When will Americans see our July 4 liberation story in others’ struggles?

on 8 Comments


Driving back from my in-laws, I listened to Eliza Gilkyson’s modern ballad about the life-and-death struggle for freedom our brave ancestors experienced during the Revolutionary War, and I thought about Palestine. I’m not the only one. Max Blumenthal has a post from Palestine on the way that Independence Day has resonated for this farmer, Mohammed Amireh, and others in occupied Ni’lin. Oh and check this out: Amy Teibel of AP covers a new B’Tselem report showing that Israeli settlements control 42 percent of the land in the occupied West Ban, including this farmer’s land.

8 Responses

  1. Richard Witty
    July 6, 2010, 7:37 am

    I saw a brief right-wing video of an Israeli supporter at a pro-Palestinian demonstration, harrassed (a familiar sight).

    The film-maker spoke to a Palestinian woman who when asked about a fair two-state solution declared “There is no Israel. It is a fiction. There is only a Jewish minority in Palestine.”

    Is there a justice possible, an acceptance? Or only advantage?

    • Richard Witty
      July 6, 2010, 7:38 am

      In the revolutionary war the indigenous of the region were nearly equally split, actually more favored the English.

      • Chaos4700
        July 6, 2010, 9:15 am

        Actually, the indigenous people were overwhelmingly for white European imperialists to just go home. It’s funny that in your desperate contortions to protect Israel, you now have to debase the indigenous people of the North American continent as well.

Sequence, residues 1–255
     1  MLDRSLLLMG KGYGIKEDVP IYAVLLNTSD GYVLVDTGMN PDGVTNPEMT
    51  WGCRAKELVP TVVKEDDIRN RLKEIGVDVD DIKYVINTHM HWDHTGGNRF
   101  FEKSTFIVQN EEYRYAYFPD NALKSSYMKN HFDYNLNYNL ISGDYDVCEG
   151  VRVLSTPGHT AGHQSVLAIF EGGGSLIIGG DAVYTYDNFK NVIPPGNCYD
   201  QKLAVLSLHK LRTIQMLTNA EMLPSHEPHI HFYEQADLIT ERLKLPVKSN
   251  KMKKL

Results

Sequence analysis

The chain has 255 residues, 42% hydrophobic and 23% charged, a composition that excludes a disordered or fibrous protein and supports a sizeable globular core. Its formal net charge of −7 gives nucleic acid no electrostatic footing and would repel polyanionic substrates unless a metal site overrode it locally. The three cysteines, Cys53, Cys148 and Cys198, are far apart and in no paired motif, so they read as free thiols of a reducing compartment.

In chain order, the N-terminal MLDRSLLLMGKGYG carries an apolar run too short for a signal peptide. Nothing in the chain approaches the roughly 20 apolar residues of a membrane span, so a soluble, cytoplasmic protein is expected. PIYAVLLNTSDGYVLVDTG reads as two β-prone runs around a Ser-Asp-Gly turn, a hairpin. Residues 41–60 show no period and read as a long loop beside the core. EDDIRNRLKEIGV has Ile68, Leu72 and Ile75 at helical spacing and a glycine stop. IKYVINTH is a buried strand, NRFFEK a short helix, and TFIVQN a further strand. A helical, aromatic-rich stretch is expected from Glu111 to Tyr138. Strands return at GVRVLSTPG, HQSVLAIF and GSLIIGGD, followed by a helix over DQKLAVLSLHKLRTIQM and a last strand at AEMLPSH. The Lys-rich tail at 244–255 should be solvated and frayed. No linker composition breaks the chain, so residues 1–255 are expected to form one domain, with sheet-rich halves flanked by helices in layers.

Are there any brown people you don’t dislike, Witty?

    • potsherd
      July 6, 2010, 9:12 am

      Acceptance would be recognition of injustice.

  2. KenDavis
    July 6, 2010, 7:48 am

    To funny, Philip all you do is think about Palestinians and how to denigrate Israel.

    • potsherd
      July 6, 2010, 9:16 am

      More appropriate are the words of Martin Luther King, Jr, modified for the occasion: “I cannot sit idly by in Atlanta and not be concerned about what happens in Palestine. Injustice anywhere is a threat to justice everywhere. “

      • potsherd
        July 6, 2010, 9:36 am

        Damn this software. My post was not intended as a reply to KD, who is not worthy of notice.

  3. MHughes976
    July 6, 2010, 1:17 pm

    Well, from my prejudiced British point of view I’d like to say it was never as simple as ‘Americans good, British bad’. I do think that the American Revolution was an important stage in the slow emergence of the idea of human rights existing regardless of race and religion and that this idea is being set at nought in Palestine.

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